Dakshinamurthy, Natarajan (Kuwait Oil Co.) | Verma, Naveen Kumar (Kuwait Oil Co.) | Abdul Salam, Tareq (Kuwait Oil Co.) | Al-Sammak, Ibrahim (Kuwait Oil Co.) | Koronfol, Safouh (Ingrain Inc.) | Dernaika, Moustafa (Ingrain Inc.) | Teh, W J (Ingrain Inc.)
Digital Rock Physics (DRP) has significantly evolved in the last few years and added invaluable contributions in improving core characterization and in providing high quality advanced SCAL measurements, emphasized through various studies (Al Mansoori et al., 2014 and Kalam et al., 2011).
This paper represents a unique DRP relative permeability SCAL study done on two plug samples from a carbonate reservoir in the Middle East. It outlines the DRP method used to determine the relative permeability curves including sub-sample selection, high resolution CT scanning (down to nano level), generation of the 3D rock models, and simulation of fluid flow displacements.
The paper will also discuss the power of pore scale imaging and how it helps in understanding macro property variations. The DRP results are comparable to the SCAL results of same formation of nearby fields and are currently being used for the Full Field simulation. The conclusions will be supported by a comparison with physical lab measurements that were done independently on samples of the same formation from the same well’s core.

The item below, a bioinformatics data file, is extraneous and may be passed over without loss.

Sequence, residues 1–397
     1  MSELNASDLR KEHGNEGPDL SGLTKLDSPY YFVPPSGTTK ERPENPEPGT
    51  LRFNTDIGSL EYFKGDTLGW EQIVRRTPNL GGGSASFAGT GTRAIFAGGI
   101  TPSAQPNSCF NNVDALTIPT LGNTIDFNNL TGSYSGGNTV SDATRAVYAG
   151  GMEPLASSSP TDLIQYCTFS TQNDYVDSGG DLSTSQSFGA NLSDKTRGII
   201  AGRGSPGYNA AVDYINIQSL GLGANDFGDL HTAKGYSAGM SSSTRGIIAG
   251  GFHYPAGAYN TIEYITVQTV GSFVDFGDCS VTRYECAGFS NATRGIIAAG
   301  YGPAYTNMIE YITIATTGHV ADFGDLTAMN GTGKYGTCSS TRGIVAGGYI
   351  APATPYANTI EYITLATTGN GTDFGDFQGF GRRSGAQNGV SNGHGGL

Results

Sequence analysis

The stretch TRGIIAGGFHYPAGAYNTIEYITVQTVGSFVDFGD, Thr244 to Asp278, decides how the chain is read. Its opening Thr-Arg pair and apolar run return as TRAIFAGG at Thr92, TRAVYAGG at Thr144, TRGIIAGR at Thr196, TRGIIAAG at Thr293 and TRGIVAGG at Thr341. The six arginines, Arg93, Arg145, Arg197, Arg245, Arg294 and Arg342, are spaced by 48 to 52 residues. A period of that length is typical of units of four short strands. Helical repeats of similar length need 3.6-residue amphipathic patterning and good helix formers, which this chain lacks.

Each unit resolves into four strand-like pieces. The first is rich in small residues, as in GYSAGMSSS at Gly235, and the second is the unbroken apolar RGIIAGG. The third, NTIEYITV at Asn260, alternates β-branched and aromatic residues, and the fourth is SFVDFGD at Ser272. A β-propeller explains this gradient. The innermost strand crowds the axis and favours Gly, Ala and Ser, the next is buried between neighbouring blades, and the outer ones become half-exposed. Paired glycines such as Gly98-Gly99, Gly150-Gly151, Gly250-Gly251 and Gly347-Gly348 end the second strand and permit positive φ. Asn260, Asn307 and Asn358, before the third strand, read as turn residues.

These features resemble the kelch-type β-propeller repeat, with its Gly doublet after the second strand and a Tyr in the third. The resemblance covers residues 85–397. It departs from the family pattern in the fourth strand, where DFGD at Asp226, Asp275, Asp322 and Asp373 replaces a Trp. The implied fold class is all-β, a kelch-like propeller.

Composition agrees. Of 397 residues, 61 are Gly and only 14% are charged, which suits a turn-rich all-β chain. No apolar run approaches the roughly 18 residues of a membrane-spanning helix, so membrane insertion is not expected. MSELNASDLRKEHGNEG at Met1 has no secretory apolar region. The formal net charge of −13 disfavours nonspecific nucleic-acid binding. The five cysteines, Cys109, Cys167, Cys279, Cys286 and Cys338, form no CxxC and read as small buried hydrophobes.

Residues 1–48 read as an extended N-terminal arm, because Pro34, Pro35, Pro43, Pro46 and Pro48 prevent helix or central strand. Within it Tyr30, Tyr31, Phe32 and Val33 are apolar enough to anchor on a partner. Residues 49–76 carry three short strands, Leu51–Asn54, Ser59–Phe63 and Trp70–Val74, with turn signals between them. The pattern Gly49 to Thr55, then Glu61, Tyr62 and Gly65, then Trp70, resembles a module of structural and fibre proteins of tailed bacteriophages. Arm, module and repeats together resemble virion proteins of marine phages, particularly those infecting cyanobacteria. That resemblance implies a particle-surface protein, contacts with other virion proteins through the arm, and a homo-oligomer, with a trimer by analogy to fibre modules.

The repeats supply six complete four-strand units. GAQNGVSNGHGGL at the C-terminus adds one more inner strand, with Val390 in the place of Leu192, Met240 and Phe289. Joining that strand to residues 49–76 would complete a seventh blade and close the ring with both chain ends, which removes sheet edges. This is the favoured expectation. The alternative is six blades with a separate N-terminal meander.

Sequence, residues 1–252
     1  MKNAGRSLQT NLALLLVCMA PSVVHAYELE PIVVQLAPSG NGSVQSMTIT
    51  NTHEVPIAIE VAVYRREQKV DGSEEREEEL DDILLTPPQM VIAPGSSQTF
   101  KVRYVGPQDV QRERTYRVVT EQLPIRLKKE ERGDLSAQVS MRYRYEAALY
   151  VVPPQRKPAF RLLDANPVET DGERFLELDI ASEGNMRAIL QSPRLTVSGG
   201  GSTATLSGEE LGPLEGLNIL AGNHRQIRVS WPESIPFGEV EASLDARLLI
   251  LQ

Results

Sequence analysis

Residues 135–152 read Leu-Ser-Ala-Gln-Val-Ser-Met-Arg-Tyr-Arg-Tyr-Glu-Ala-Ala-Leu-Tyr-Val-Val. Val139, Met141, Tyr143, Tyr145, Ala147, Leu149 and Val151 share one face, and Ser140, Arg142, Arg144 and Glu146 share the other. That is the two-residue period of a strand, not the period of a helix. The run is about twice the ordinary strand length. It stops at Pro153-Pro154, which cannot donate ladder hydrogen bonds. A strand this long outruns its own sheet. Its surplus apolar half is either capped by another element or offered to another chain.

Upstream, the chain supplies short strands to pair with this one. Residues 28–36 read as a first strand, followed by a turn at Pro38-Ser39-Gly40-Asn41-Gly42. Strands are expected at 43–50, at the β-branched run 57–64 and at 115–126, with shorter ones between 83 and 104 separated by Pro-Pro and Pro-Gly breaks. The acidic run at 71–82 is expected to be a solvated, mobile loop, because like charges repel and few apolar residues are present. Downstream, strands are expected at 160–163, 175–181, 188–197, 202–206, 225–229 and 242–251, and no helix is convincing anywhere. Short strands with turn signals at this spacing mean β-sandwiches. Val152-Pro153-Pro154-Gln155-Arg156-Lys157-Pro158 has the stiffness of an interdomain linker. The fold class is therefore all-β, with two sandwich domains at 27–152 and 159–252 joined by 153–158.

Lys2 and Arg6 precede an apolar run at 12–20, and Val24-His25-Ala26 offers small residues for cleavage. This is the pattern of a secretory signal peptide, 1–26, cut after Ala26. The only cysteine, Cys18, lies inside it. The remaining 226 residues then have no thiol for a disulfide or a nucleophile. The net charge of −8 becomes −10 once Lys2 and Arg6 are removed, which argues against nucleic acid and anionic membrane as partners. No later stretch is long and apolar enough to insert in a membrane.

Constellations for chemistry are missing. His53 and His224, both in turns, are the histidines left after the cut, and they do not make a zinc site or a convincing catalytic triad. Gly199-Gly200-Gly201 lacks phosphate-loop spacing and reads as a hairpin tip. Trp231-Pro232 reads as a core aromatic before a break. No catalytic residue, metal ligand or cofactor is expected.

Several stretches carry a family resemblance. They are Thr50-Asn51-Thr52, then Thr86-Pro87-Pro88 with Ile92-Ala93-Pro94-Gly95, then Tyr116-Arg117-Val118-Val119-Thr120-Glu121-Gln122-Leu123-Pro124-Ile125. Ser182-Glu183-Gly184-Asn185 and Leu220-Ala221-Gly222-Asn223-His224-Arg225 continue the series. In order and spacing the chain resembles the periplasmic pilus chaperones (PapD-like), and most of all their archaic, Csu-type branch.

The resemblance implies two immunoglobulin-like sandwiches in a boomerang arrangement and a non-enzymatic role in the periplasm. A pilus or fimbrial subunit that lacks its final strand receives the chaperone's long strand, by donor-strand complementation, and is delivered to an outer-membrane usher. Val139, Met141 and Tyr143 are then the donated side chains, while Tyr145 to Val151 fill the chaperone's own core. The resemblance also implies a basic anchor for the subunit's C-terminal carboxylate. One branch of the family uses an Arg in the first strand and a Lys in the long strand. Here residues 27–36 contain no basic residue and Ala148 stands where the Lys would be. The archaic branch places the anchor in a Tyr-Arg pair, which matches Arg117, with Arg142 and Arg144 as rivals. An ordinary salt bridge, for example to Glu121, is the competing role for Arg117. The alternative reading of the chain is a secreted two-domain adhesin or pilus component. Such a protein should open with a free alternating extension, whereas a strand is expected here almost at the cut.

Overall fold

Such comparison will demonstrate the added value in using DRP, and will show the effectiveness of the technology in generating advanced SCAL data in a significantly shorter timeframe compared to conventional laboratory measurements.
Relative permeability (Kr) curves provide macroscopic description of the way in which two (or three) phases flow together locally in a porous medium (Honarpour et al., 1986 and 1995; Heaviside, 1991). Imbibition water-oil Kr data are critical in the evaluation and management of fields having natural water influx or having planned or actual water-flooding. However, high percentage of such laboratory measurements yields unrepresentative data that cannot be used in reservoir simulation models or as input for history matching of production profiles. In addition, the traditional laboratory evaluation methods may not be applicable to every testing condition or every type of reservoir rock and hence the continued development of laboratory methods is required to help characterize and understand challenging reservoir behaviors (Dernaika, 2010 and Serag et al., 2010).